Self-Consciousness in Modern British Fiction

Hardcover | February 6, 2013

byBrook Miller

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Using a cognitive approach to literature, Self-Consciousness in Modern British Fiction uncovers representations of self-consciousness in selected modern British novels, exposing it as complicating character development. This innovative study offers new readings of works by Conrad, Joyce, Lawrence, Woolf, and Lessing to demonstrate the emergence of a self who feels split from the world. Readings of individual novels are informed by early twentieth century British psychology and philosophy, and by contemporary scholarship in embodied cognition and narrative identity. The models of self-consciousness rendered visible by this analysis improve our understanding of modernist technical experiment with stream-of-consciousness and free indirect discourse.

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Using a cognitive approach to literature, Self-Consciousness in Modern British Fiction uncovers representations of self-consciousness in selected modern British novels, exposing it as complicating character development. This innovative study offers new readings of works by Conrad, Joyce, Lawrence, Woolf, and Lessing to demonstrate the ...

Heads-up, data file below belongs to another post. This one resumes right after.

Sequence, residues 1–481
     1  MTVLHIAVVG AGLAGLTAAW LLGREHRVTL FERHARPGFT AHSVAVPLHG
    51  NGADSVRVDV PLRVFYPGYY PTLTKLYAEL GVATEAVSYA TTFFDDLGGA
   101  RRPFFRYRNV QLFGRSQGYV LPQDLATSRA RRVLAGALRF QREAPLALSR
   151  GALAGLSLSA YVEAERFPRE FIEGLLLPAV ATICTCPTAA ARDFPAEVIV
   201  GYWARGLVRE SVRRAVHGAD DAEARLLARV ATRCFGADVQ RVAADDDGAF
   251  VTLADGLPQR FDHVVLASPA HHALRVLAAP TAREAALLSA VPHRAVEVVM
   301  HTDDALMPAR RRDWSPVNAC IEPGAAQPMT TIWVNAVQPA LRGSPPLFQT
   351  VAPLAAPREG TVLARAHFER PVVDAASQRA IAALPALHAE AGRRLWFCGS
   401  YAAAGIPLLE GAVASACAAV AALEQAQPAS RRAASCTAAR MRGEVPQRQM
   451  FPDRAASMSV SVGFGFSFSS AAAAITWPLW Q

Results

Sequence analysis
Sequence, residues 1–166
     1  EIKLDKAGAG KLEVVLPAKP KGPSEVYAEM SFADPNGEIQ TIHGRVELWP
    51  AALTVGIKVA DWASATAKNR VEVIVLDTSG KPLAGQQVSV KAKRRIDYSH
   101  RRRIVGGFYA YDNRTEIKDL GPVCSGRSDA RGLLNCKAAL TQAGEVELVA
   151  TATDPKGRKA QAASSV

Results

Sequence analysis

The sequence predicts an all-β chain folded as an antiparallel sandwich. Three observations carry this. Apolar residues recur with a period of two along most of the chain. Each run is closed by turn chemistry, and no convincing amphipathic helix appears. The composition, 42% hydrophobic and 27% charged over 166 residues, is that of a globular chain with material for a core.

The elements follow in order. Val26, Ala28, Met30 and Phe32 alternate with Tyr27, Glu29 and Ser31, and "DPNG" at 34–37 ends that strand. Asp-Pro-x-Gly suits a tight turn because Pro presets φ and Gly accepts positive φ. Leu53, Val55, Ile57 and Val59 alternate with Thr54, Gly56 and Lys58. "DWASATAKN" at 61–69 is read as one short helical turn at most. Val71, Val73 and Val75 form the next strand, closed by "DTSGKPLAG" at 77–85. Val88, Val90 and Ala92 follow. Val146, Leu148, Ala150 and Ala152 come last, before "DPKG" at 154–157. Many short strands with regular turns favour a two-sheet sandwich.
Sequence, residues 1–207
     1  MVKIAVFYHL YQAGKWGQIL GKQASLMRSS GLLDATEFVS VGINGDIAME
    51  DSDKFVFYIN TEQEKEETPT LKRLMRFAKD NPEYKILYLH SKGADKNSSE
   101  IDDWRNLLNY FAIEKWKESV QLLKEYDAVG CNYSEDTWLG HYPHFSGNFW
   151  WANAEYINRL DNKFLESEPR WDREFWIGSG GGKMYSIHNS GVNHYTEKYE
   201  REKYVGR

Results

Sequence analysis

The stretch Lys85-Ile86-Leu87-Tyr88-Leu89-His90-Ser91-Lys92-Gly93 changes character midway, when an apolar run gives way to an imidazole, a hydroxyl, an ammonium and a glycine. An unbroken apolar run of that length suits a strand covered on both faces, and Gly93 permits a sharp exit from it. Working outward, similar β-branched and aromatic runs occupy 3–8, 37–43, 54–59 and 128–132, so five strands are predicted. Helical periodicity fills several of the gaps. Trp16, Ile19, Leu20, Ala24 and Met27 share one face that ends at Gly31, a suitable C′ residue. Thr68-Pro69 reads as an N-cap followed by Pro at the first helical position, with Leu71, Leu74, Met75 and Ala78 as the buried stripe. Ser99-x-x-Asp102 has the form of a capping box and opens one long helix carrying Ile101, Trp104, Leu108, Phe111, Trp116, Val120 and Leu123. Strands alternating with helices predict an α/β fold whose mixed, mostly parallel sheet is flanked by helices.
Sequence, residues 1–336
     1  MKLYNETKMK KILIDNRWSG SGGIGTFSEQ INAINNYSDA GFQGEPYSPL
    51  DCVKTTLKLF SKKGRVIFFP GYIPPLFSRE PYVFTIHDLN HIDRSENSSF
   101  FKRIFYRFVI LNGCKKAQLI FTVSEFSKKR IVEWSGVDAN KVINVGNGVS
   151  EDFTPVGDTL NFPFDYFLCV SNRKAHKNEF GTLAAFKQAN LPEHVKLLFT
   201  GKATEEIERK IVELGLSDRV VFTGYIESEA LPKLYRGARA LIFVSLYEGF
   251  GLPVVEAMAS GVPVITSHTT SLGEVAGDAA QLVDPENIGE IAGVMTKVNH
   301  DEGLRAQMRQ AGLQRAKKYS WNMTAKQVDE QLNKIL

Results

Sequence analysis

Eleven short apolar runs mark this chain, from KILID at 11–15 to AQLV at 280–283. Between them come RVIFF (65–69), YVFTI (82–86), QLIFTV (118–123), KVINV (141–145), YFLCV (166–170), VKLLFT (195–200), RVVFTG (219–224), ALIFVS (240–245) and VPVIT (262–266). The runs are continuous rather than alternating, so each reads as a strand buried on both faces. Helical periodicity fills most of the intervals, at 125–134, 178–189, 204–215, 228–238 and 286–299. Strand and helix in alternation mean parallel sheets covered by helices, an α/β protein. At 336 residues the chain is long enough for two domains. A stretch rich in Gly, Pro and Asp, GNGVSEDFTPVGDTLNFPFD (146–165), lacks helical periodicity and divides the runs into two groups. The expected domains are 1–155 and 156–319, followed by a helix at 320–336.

Brook Miller is Associate Professor of English at the University of Minnesota, Morris, USA. His research is on 19th and 20th-century British literature and he is the author of America in the British Imaginary in Turn-of-the-Twentieth-Century Literature (2010).

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Format:HardcoverDimensions:258 pages, 8.5 × 5.5 × 0.62 inPublished:February 6, 2013Publisher:Palgrave MacmillanLanguage:English

The following ISBNs are associated with this title:

ISBN - 10:0230337562

ISBN - 13:9780230337565

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Table of Contents

Self-consciousness, Embodiment, and the Narrativising Self
Embodiment, Narrativity, and Identification in Under Western Eyes
Selfhood and the Sensorium in A Portrait of the Artist as a Young Man
Removing the Serpent's Tail from Its Mouth: DH Lawrence's Vision of Embodied Consciousness
Narrative Identity, Embodied Consciousness, and The Waves
Scriptive Consciousness and Embodied Empathy in The Golden Notebook

Editorial Reviews

"Building on recent work suggesting how a focus on issues of affect, embodied cognition, and consciousness can generate new insights into the history of the novel, while also illuminating the nature and functions of narrative more generally, Self-consciousness in Modern British Fiction sketches out an innovative, well-grounded, and impressively cross-disciplinary approach to the staging of self-consciousness in foundational twentieth-century texts." - David Herman, Ohio State University "Miller brilliantly investigates a defining concern of modernism in this analysis of works by Conrad, Joyce, Lawrence, Woolf, and Lessing. Free of obfuscation, this lucid work introduces the issues confronted by psychologists, philosophers, and novelists in defining and depicting self-consciousness. Miller's unobtrusive citation of theorists fully illuminates his subject." - CHOICE